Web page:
The ArgumentThis paper focuses on the opening of a discursive space: the emergence of informational and scriptural representations of life and their self-negating consequences for the construction of biological meaning. It probes the notion of writing and the book of life and shows how molecular biology's claims to a status of language and texuality undermines its own objective of control. These textual significations were historically contingent. The informational representations of heredity and life were not an outcome of the internal cognitive (...) momentum of molecular biology; they were not a logical necessity of the unravelling of the base-pairing of the DNA double-helix. They were transported into molecular biology still within the protein paradigm of the gene in the 1940s and permeated nearly every discipline in the life and social sciences. These information-based models, metaphors, linguistic, and semiotic tools which were central to the formulation of the genetic code were transported into molecular biology from cybernetics, information theory, electronic computing, and control and communication systems — technosciences that were deeply embedded with the military experiences of world war II and the Cold War. The information discourse thus became fixed in molecular biology not because it worked in the narrow epistemic sense, but because it positioned molecular biology within postwar discourse and culture, perhaps within the transition to a post-modern information-based society. (shrink)
The development of highly humanoid sex robots is on the technological horizon. If sex robots are integrated into the legal community as “electronic persons”, the issue of sexual consent arises, which is essential for legally and morally permissible sexual relations between human persons. This paper explores whether it is conceivable, possible, and desirable that humanoid robots should be designed such that they are capable of consenting to sex. We consider reasons for giving both “no” and “yes” answers to these three (...) questions by examining the concept of consent in general, as well as critiques of its adequacy in the domain of sexual ethics; the relationship between consent and free will; and the relationship between consent and consciousness. Additionally we canvass the most influential existing literature on the ethics of sex with robots. (shrink)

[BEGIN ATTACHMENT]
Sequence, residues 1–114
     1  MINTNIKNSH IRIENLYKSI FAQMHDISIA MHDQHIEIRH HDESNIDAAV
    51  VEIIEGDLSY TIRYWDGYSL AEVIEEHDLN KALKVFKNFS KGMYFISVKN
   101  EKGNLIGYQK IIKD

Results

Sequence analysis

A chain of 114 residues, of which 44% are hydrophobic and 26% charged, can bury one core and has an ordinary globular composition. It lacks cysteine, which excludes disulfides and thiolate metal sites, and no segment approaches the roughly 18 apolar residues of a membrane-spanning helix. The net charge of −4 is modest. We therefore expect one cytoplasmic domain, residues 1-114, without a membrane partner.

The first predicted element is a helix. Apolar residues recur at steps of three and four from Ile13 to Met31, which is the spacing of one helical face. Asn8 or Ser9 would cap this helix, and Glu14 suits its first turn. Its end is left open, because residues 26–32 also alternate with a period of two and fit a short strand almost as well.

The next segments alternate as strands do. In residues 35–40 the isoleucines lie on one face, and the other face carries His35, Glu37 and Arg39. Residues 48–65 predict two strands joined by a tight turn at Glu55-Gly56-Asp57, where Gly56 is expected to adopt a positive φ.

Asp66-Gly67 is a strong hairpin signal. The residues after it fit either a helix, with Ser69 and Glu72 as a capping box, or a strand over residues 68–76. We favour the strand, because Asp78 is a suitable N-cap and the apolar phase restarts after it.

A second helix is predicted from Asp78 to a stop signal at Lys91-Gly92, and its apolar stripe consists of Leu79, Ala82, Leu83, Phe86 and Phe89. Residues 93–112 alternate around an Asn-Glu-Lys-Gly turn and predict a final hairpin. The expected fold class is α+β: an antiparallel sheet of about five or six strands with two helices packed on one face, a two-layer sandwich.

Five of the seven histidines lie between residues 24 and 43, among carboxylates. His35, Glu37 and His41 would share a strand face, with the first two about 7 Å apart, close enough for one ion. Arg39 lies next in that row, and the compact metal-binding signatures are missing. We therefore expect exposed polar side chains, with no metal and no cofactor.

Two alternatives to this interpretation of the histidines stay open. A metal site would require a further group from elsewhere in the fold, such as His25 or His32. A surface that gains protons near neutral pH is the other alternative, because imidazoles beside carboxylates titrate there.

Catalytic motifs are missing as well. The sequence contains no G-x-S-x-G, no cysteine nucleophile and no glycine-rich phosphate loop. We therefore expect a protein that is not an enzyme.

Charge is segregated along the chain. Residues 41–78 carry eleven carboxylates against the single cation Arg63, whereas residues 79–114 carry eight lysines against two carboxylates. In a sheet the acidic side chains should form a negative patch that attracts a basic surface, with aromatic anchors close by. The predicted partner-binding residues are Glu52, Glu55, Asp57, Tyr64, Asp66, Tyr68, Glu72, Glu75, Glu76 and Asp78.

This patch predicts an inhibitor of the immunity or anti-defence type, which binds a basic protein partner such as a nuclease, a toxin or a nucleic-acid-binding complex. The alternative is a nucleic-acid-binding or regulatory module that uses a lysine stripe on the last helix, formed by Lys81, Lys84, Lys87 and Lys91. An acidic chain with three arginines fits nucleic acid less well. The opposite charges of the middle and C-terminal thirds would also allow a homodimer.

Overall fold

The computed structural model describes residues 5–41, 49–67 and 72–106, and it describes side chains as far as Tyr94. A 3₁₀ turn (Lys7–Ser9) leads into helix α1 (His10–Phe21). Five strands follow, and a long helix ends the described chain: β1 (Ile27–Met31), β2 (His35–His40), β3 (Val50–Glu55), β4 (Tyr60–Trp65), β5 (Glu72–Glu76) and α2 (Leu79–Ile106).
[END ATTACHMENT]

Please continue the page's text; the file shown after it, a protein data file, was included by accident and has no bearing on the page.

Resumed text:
Moral bioenhancement, nudge-designed environments, and ambient persuasive technologies may help people behave more consistently with their deeply held moral convictions. Alternatively, they may aid people in overcoming cognitive and affective limitations that prevent them from appreciating a situation’s moral dimensions. Or they may simply make it easier for them to make the morally right choice by helping them to overcome sources of weakness of will. This paper makes two assumptions. First, technologies to improve people’s moral capacities are realizable. Second, such (...) technologies will actually help people get morality right and behave more consistently with whatever the ‘real’ right thing to do turns out to be. The paper then considers whether or not humanity loses anything valuable, particularly opportunities for moral progress, when being moral is made much easier by eliminating difficult moral deliberation and internal moral struggle. Ultimately, the worry that moral struggle has value as a catalyst for moral progress is rejected. Moral progress is understood here as the discovery and application of new values or sensitization to new sources of harm. (shrink)